Everything you need to know about finding a heating system installer
Aside from insulation, a heating system is one of the easiest ways to heat your home in the cooler months. So which heater should you choose? Read on to find out:
What to Consider When Buying Heating Systems
Decide if you wish to heat the whole home or just certain areas at a time. Heating individual areas is called zoning, and zoning the home means that you are only heating the areas being used, saving energy and money.
You also need to make sure that the heater is the right size for the space to be heated. If the heater is too big, it will be more expensive, not operate efficiently, and may even be uncomfortable. A heater that is too small will not heat the area adequately and will also be uncomfortable.
Then work out what type of heater you require. This depends on such things as your budget, the size of your home, the availability of fuel, and how you wish to heat your home.
There are two types of heaters – radiant heaters and convective heaters.
Radiant heaters heat objects rather than the air surrounding them. Heat is emitted from a hot surface such as the panel on a gas heater, a heated concrete slab, bar radiator, or open fire. Radiant heaters are useful in rooms that have high ceilings, large open spaces, or that may be draughty.
Convective heaters fill the room with warm air. Heat is transferred from one object to another through the use of moving air or water. Convection heaters include fan heaters and ducted heating systems. They work best in insulated rooms with a standard ceiling height.
Some heaters combine radiant and convective heat. These include hydronic radiator panels, wood heaters, storage fan heaters and many types of gas heaters.
Choices in Heating Systems
There are several different heating options for your home. The most common ones are outlined below:
Ducted heating – these are convection heaters that circulate warm air through the home via insulated ducts that open on to a room from the floor or ceiling. They are often gas but they can also be electric in the form of reverse cycle air conditioners. You are able to zone your home with this system, with up to a third of the ducts being able to be shut off at any one time. For more information see ducted gas heating systems.
Hydronic heating – this is where water is heated in a boiler before being circulated throughout the home to radiator panels, skirting board convectors, or fan coil convectors that heat the room using both convection and radiation. They typically use natural gas, LPG or wood as fuels but off-peak electricity is also an option. For more information see hydronic heating systems.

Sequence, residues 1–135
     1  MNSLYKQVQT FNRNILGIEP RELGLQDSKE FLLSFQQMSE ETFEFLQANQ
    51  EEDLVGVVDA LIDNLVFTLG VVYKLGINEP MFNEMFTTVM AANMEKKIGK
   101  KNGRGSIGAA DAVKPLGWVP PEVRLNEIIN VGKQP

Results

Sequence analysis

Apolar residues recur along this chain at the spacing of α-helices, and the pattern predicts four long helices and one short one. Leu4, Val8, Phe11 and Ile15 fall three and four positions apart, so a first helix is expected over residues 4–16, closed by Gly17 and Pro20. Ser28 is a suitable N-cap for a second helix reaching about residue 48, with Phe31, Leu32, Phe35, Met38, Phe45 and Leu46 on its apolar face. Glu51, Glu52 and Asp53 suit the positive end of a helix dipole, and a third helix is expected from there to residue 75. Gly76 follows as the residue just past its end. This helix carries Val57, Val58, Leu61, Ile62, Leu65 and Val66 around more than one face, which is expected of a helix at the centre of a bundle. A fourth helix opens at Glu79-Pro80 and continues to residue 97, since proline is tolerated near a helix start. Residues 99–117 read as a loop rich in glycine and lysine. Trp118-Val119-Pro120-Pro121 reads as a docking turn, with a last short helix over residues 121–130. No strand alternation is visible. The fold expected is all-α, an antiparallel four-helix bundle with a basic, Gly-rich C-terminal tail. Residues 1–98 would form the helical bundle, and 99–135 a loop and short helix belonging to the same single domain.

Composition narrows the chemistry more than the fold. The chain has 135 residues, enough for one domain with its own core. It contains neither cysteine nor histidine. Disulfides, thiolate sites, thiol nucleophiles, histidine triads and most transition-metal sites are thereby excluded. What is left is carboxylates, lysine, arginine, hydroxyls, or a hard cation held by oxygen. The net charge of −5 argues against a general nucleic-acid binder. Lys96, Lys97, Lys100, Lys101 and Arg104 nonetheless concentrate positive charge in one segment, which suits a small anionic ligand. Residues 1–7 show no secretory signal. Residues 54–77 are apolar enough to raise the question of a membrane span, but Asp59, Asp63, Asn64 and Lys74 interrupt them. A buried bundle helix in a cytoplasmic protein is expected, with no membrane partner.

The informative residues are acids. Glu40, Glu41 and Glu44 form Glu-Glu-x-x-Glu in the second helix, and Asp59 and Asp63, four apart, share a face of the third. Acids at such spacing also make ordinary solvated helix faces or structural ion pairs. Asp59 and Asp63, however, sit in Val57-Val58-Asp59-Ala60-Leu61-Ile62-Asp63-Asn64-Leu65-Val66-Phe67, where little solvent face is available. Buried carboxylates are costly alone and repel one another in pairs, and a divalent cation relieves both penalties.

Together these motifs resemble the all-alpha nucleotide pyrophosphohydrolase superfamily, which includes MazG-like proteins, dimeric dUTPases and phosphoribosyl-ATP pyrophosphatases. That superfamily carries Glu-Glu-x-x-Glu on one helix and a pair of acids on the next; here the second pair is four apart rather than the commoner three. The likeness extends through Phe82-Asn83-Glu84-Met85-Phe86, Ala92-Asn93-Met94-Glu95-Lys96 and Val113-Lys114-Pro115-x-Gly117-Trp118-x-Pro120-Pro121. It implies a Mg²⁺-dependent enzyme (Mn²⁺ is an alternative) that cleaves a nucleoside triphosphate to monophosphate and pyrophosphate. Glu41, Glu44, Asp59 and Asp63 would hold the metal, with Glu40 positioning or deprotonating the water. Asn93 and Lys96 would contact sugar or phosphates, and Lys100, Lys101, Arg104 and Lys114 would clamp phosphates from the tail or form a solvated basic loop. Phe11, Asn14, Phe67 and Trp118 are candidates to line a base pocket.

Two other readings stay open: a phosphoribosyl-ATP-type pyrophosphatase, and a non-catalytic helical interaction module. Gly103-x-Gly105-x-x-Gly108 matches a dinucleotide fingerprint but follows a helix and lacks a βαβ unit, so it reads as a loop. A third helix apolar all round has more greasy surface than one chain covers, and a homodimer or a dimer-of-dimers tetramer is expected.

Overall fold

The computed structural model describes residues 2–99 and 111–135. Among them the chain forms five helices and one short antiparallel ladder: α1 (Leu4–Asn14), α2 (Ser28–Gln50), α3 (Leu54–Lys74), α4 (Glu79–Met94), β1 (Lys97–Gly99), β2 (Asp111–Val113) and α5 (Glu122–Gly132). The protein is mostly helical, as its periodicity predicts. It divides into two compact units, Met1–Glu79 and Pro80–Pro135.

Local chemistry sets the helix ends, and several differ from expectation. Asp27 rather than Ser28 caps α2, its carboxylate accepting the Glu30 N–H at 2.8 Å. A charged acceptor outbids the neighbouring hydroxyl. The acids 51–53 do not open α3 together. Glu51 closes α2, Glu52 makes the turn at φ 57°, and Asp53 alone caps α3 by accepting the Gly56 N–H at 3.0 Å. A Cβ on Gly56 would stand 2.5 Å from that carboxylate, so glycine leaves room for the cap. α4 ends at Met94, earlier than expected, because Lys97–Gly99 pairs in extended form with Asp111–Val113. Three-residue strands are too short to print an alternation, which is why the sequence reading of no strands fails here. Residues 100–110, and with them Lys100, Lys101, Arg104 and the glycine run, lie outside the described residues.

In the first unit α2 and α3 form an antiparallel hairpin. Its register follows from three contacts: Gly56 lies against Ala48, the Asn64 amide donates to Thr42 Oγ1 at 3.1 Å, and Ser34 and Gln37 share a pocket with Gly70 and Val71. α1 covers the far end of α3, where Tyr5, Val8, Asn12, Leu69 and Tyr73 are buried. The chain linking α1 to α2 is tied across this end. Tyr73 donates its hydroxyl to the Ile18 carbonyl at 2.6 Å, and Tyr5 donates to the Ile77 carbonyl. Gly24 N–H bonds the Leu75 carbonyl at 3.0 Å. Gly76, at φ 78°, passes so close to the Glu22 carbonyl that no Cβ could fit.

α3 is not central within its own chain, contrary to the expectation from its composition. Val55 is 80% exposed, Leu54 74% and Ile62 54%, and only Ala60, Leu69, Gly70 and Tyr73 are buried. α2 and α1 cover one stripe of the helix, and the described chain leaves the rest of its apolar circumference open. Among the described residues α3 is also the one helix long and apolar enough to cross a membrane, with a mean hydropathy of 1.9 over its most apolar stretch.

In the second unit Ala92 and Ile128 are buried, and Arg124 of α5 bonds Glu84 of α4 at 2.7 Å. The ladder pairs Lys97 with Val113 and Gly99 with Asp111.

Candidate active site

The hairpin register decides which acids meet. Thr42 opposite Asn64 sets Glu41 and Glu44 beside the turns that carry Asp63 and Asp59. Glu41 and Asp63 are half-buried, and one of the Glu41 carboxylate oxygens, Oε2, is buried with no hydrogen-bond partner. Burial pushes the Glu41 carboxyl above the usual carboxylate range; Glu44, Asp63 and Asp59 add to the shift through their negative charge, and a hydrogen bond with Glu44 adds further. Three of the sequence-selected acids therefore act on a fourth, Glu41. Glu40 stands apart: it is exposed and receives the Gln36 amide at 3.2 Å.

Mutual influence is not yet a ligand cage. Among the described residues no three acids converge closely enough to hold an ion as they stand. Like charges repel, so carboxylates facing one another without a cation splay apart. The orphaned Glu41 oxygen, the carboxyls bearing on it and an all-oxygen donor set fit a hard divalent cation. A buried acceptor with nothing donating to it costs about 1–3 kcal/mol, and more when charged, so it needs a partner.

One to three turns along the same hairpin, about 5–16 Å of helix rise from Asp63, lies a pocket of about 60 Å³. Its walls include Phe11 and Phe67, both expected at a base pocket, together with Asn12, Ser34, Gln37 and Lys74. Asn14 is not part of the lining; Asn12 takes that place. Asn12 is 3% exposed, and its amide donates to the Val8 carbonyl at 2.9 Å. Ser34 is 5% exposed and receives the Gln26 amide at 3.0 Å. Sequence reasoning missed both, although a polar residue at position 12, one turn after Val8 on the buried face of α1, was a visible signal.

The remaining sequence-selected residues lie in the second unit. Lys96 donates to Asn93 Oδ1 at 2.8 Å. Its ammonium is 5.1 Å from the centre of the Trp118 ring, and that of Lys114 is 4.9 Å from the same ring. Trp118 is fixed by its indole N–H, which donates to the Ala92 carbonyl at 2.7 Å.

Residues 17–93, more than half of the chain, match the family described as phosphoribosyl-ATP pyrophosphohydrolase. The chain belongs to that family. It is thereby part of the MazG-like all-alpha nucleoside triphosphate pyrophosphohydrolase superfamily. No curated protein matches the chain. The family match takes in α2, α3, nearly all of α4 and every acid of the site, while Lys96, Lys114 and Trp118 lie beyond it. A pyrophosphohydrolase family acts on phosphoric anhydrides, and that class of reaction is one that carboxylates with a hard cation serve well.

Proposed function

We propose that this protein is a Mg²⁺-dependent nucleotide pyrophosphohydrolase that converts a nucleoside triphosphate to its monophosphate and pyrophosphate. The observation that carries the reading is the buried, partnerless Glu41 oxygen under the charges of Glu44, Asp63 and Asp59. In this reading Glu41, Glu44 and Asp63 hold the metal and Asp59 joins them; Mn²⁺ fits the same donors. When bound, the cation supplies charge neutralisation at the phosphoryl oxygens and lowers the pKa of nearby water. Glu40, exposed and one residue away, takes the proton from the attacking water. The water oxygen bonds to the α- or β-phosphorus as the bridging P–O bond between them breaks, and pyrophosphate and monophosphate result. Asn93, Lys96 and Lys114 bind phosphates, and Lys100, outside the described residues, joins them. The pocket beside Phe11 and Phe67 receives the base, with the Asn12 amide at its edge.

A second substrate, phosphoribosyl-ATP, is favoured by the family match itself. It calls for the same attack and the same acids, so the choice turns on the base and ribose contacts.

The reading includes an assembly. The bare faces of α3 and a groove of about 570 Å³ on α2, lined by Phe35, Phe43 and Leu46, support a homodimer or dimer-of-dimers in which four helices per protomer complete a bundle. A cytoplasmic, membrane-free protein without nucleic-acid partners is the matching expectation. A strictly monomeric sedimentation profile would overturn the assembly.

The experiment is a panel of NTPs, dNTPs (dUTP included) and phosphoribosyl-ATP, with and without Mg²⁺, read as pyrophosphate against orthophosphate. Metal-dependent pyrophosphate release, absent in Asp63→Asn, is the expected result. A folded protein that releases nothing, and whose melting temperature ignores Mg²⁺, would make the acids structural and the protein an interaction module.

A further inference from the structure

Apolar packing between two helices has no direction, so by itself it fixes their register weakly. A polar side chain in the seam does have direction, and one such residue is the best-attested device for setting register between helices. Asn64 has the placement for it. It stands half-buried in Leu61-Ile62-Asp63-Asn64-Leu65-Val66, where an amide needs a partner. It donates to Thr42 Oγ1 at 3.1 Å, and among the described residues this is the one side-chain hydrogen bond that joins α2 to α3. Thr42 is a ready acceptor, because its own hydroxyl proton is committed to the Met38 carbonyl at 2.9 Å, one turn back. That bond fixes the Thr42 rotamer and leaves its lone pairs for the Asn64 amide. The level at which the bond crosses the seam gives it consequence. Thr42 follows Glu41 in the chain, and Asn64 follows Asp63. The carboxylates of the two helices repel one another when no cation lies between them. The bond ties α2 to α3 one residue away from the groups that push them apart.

In-slab heating – this is where a concrete slab is heated by internal electric cables or hot water pipes. It gives off radiant heat, but unlike many radiant heaters, this is suitable for rooms with high ceilings. In-slab heating is usually fuelled by off-peak electricity or natural gas. However, LPG and solid fuels are also an option.
Electric thin film heating – this is where thin films are installed in the ceiling, wall panels or under the floor coverings in order to provide radiant heat. It operates on peak electricity but it is more efficient than other peak rate heaters.
Gas space heaters – can provide convective, radiant or combination heat. They run on natural gas or LPG and can be mounted on internal or external walls, although internal heaters need a flue that vents to the outside.
Off-peak electric storage heaters – these are also radiant or convective heaters and they work by storing off-peak electricity as heat in storage bricks. Fan heaters are available and the fan helps to distribute and control the heat. Storage radiators can deliver 24 hour background heat.
Reverse cycle air conditioners – these are electric convection heaters that extract heat from the outside air and distribute it throughout the home. They use a compressor and a fan and can also work as air conditioning in summer, making them a versatile unit. See reverse cycle heating systems for more info.
Electric space heaters/panel convectors – these are convection or radiant heaters that use peak rate electricity. Because of this, they can be expensive to run and should ideally be used in short bursts only such as in the bedroom or bathroom.
Solid fuel heaters – these are convection or radiant heaters that burn fuels such as coal, wood, or briquettes. The units with the highest efficiency are furnaces, boilers, and airtight slow combustion heaters. These heaters require a flue and their effectiveness depends on the quality of the fuel.
Underfloor heating - this is an environmentally friendly way to heat your home and conserve energy by eliminating the need to maintain higher room temperatures. Underfloor heating is either wet or dry. See underfloor heating systems for more info.
How Much Does a Heating System Installer Cost?
Heating system installers are likely to charge anywhere from $50 to $100 per hour for their services. Any quote you get will typically be a figure that is comprised of labour and materials. The type of heating system you install willl therefore be a large factor in the overall cost.
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